by Ashley Archibald
A state commission that doles out debt financing for affordable housing projects is working with community members on reform after criticism that its method for allocating needed money leaves out communities of color.
The current point system used by the Washington State Housing Finance Committee (WSHFC) to assign bonds that help finance affordable housing projects has no allowance for Black- or POC-led projects and promotes less expensive studio and one-bedroom units that don’t work for larger families, critics said in a Feb. 25 meeting in which roughly 80 community members, organized by King County Equity Now, called in to express their anger and frustration.
The process ultimately excludes Black communities from access to appropriate affordable housing and homeownership and also Black developers and construction managers from participating in the government-backed program, said K. Wyking Garrett, president of the Africatown Community Land Trust (ACLT). ACLT had applied for financing for its Africatown Plaza project in the January round but did not receive funding.
Continue reading Housing Finance Commission Biased Against Black-Led Projects, Say Community Groups
by Chamidae Ford
Tosh Sharp, a civil service commissioner and Tukwila community leader, recently announced his campaign for Tukwila City Council seat one. He is currently unopposed.
Sharp launched his campaign because of his desire to create change in Tukwila that he feels would benefit the residents of the increasingly diverse city.
“Historically, I’ve been just a man of action,” Sharp said. “I know that sounds like a cliche, but the way that I am, when I see something that needs to be fixed, or it needs to be addressed, I kind of just do it.”
Continue reading Tosh Sharp Announces Community-Focused Campaign for Tukwila City Council
by Chamidae Ford
Nikkita Oliver has made a name for themselves in Seattle and beyond. The lawyer, artist, professor, and abolitionist is bringing their many skills to the race for Position 9, one of two at-large seats on the Seattle City Council.
On Mar. 10, Oliver announced their candidacy, a grassroots campaign centered around mutual aid that prioritizes providing community members with basic needs. This is not Oliver’s first attempt at a bid for public office — in 2017 they began their political career with a run for mayor, narrowly missing out on the general election.
Oliver is currently the executive director of Creative Justice, an organization that focuses on providing art therapy as an alternative to incarceration. They are also deeply involved in Seattle’s Black Lives Matter movement and have worked closely with organizations to serve marginalized communities.
Continue reading Q&A: Nikkita Oliver Focuses on Mutual Aid, Community in Campaign for City Council
by Mark Van Streefkerk
Last Wednesday, April 29, tenants at Bellwether Housing Kingway Apartments & Juneau Townhomes submitted a petition signed by 100 residents across the two adjacent affordable housing complexes, making several demands of their landlord, Bellwether Housing. The demands included rent reduction or forgiveness and a fair and transparent payment plan in light of COVID-19 shutdowns. Bellwether responded on Friday, May 1, stating they were unable to decrease or forgive rent and they reiterated previous policies outlined in a letter issued to residents on March 19. The March 19 letter, from Director of Property Management Michelle Hawley and Resident Services Manager Elliot Swanson, said that back rent accrued during the government shutdowns could be paid on a payment plan that wouldn’t go into effect until normal operations resumed and that residents would have at least nine months to pay any back rent that might have accrued due to coronavirus-related unemployment.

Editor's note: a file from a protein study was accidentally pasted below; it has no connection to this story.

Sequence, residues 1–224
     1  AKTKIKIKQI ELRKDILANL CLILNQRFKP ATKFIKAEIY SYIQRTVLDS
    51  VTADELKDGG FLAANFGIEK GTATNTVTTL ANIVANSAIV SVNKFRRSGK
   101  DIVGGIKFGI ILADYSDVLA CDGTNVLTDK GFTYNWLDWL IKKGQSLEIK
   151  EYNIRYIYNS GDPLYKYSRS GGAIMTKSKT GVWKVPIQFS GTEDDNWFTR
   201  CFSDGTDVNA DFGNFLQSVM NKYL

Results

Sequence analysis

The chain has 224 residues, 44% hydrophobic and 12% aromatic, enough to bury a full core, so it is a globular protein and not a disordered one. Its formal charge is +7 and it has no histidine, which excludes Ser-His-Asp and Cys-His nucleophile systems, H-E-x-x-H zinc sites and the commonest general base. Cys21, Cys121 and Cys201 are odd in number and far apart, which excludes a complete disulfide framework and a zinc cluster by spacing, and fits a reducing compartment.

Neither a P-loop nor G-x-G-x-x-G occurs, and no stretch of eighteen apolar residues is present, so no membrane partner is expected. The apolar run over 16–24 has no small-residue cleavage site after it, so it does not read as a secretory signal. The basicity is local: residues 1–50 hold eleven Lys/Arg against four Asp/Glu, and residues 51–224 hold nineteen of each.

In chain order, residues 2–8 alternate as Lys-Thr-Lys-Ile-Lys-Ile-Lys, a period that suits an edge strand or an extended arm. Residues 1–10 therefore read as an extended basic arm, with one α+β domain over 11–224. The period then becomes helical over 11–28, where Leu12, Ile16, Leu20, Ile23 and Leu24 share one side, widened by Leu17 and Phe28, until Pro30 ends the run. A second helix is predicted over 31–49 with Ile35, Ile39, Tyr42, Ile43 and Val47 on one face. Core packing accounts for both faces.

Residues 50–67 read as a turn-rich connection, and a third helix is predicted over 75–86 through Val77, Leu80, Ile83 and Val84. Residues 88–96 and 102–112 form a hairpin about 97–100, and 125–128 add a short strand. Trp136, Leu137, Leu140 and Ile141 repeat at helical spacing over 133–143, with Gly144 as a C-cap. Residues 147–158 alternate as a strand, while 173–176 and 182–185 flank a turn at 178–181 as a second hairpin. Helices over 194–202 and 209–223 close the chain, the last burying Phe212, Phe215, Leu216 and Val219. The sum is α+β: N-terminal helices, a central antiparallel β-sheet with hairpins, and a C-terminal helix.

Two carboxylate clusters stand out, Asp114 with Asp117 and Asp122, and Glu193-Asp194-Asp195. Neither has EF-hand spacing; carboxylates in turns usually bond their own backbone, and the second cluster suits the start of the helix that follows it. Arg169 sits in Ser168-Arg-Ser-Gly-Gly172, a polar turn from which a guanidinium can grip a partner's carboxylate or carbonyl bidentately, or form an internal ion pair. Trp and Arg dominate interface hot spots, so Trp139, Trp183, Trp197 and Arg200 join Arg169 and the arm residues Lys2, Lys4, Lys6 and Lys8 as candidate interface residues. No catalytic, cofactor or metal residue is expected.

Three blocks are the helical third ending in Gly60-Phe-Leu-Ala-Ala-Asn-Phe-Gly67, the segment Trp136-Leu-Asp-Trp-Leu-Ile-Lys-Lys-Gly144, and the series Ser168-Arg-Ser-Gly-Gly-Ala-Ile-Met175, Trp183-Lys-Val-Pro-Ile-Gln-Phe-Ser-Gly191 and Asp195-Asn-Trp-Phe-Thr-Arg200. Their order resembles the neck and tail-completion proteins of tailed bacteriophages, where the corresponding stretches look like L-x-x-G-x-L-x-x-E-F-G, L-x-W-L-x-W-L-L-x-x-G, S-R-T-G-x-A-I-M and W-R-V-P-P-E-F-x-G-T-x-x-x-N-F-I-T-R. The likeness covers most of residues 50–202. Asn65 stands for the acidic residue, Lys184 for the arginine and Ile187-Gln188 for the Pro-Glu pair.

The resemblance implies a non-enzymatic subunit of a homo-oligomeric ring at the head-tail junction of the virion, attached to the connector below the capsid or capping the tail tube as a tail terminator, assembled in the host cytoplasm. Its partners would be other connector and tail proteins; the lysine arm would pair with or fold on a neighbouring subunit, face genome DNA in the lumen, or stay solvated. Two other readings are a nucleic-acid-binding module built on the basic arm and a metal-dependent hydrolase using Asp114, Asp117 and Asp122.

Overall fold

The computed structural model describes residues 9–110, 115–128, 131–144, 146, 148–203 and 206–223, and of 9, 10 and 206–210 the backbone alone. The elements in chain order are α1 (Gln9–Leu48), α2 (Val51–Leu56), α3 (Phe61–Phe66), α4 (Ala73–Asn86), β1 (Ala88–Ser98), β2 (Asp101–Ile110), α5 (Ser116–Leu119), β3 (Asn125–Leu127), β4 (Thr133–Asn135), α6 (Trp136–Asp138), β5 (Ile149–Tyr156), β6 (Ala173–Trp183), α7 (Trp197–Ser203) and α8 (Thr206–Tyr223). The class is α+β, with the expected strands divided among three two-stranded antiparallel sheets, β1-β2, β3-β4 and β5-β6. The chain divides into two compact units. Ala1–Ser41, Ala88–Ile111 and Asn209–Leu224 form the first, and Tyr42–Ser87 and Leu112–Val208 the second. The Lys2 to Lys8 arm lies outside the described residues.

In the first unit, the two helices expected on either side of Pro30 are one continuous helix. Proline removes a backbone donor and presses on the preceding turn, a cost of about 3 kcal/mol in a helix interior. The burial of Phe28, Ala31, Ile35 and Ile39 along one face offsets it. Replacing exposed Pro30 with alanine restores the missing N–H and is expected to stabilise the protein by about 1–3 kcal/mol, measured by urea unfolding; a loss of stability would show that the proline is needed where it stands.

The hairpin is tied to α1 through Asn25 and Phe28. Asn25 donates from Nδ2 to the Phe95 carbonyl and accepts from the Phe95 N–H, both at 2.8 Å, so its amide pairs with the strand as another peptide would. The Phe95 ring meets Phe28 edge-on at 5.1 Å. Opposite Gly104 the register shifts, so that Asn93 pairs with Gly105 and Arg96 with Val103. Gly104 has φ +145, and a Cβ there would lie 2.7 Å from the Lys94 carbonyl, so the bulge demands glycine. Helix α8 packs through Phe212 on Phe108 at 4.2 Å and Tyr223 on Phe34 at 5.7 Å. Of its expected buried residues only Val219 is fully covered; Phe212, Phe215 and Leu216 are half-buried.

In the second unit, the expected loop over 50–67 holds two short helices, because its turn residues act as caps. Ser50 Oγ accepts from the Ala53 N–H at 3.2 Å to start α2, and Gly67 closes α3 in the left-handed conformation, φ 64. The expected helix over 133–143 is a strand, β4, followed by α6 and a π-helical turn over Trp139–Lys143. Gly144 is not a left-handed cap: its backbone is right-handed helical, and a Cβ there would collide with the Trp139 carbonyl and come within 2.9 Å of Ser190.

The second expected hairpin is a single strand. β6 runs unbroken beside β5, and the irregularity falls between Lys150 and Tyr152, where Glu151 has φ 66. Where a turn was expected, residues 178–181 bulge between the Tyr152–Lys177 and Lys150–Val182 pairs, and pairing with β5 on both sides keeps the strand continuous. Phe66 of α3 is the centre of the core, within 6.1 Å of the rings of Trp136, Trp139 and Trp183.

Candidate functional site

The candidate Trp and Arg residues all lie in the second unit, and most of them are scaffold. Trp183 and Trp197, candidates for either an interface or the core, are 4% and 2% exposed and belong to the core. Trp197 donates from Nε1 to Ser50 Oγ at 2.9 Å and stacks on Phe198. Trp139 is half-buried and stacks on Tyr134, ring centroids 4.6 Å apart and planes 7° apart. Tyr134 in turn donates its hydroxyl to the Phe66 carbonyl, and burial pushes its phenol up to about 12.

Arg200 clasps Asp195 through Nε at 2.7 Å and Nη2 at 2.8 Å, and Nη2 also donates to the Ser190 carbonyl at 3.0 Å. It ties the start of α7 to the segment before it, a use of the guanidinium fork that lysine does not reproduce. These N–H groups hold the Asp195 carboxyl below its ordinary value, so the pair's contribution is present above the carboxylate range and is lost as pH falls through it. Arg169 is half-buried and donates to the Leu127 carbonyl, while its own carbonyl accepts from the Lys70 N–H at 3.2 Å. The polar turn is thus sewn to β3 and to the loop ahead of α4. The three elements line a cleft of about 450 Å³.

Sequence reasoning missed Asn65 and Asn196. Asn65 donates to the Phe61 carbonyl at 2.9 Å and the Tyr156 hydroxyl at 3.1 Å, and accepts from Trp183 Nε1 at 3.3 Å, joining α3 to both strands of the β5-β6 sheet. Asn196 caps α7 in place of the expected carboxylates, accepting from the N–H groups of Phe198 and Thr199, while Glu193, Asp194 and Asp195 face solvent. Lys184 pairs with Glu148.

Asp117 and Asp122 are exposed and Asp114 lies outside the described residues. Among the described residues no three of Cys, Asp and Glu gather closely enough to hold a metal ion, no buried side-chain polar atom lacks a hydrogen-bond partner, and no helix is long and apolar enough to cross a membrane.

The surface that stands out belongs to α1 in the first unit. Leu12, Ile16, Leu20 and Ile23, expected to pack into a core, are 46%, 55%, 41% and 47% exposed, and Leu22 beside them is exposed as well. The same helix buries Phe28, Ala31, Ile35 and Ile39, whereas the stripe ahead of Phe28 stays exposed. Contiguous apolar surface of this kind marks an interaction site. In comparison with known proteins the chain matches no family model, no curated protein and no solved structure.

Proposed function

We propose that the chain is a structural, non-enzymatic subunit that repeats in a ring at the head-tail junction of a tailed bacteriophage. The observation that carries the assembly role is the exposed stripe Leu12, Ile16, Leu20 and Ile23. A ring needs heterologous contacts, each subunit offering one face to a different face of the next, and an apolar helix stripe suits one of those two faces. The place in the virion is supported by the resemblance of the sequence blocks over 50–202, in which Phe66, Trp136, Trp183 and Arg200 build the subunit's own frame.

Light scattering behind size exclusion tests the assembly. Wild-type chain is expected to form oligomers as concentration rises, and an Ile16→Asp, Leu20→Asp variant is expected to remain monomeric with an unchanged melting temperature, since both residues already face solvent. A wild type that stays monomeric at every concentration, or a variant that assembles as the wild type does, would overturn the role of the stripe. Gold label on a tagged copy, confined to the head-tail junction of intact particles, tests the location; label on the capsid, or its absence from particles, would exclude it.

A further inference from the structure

Continue reading Tenants Organize For Fair Treatment at Bellwether Housing Kingway Apartments & Juneau Townhomes
What is rent control, how does it work, and could it benefit Seattle?
by Natalie Barry
Earlier this spring, Kshama Sawant and the Seattle Renters Commission repeated calls for a citywide rent control ordinance and economic eviction assistance. In letters to the City Council, they specifically called for a repeal of the rent control ban on the city level, and an extension of the 30-day rent increase notice period, requiring landlords to inform tenants 180 days before increasing rents.
Continue reading OPINION: Understanding Rent Control
by Zachary DeWolf and Dylan Cate
As we examine our own stories and feelings about growth across our city, a particular quote from Dr. Maya Angelou keeps coming to the surface: “People will forget what you said, people will forget what you did, but people will never forget how you made them feel.”
Continue reading OPINION: Which Seattle Will You Choose?